Please use this identifier to cite or link to this item: https://hdl.handle.net/1959.11/12108
Title: Lavatories and Free Will: Causation Conundrums in the High Court
Contributor(s): Lunney, Mark (author)orcid 
Publication Date: 2012
Handle Link: https://hdl.handle.net/1959.11/12108
Abstract: The decision in Rickards v Lothian is known today, if at all, for what is says about the natural user defence in the now defunct (in Australia) tort based on the case of Rylands v Fletcher. In fact, this point was only of peripheral importance when the case was heard in the High Court of Australia. Instead, the High Court decision was an early discussion of a point that would assume a much greater importance later in the 20th century: the extent to which liability in negligence could arise even though the damage was the immediate result of the intervening act of a third party. Although the majority reasoning was ultimately not accepted by the Privy Council when the decision was appealed, it reminds us that there was more than one early view of how intervening acts should be treated in the law of negligence.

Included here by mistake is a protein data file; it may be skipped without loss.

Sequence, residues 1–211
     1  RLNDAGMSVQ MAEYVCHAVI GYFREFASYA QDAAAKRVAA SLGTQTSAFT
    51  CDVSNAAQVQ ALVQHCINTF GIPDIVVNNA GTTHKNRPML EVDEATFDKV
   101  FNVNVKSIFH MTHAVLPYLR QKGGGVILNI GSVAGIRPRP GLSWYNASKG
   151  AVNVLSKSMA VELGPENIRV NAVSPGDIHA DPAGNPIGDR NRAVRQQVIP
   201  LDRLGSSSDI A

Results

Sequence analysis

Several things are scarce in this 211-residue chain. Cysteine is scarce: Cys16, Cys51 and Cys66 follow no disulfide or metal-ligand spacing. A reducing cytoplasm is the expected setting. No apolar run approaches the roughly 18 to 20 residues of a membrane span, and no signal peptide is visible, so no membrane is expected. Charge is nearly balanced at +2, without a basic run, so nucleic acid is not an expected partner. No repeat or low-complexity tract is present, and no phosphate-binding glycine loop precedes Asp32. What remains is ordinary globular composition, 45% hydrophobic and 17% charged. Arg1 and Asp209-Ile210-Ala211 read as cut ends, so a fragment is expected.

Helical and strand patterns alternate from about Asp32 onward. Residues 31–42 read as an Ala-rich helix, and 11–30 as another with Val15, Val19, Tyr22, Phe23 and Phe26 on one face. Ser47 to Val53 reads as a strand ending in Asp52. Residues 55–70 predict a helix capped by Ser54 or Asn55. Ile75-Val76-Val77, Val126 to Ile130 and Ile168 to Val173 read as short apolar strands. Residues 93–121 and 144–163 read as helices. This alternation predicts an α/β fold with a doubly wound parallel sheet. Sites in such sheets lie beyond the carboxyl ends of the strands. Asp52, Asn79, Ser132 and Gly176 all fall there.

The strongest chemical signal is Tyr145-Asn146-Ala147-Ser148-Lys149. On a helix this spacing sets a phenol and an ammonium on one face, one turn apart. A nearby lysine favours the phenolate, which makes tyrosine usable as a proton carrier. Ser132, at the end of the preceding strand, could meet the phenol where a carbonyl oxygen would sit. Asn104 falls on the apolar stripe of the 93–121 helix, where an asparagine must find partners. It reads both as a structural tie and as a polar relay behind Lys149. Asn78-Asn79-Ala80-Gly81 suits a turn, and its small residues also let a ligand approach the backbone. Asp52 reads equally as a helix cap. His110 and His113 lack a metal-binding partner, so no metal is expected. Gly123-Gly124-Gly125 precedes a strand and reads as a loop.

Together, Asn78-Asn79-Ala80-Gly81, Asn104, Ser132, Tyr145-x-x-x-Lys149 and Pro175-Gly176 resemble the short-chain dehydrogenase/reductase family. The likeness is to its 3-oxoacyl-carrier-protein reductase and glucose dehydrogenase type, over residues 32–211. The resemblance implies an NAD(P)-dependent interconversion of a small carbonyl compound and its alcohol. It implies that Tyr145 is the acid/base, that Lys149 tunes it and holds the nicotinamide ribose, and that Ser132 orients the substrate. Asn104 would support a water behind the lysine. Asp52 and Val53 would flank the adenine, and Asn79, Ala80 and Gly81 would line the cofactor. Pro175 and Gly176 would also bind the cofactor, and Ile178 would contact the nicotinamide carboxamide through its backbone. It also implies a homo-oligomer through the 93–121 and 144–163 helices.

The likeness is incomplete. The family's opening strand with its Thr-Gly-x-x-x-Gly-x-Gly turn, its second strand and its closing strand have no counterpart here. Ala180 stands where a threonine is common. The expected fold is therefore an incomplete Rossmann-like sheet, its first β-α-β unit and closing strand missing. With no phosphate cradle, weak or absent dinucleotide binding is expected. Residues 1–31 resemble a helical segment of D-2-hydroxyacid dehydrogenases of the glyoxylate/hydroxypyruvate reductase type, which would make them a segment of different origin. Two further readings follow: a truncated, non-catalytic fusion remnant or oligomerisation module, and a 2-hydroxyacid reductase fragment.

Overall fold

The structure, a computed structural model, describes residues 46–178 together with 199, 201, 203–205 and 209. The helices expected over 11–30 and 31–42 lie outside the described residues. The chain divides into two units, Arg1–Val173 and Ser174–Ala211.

Publication Type: Conference Publication
Conference Name: 31st Annual Australian and New Zealand Law and History Society (ANZLHS) Conference: Receiving Laws/Giving Laws, Sydney, Australia, 10th - 12th December, 2012
Source of Publication: ANZLHS Conference Abstracts, p. 54-54
Publisher: University of Technology Sydney
Place of Publication: online
Field of Research (FOR): 180199 Law not elsewhere classified
HERDC Category Description: E3 Extract of Scholarly Conference Publication
Other Links: http://www.law.uts.edu.au/research/conferences/abstracts-ANZLHS-2012.pdf
http://www.law.uts.edu.au/research/conferences/receiving_laws.html
Statistics to Oct 2018: Visitors: 184
Views: 185
Downloads: 0
Appears in Collections:Conference Publication
School of Law

Files in This Item:
3 files
File Description SizeFormat 
Show full item record

Page view(s)

112
checked on Feb 24, 2019
Google Media

Google ScholarTM

Check

SCOPUSTM   
Citations

 

WEB OF SCIENCETM
Citations

 

Items in Research UNE are protected by copyright, with all rights reserved, unless otherwise indicated.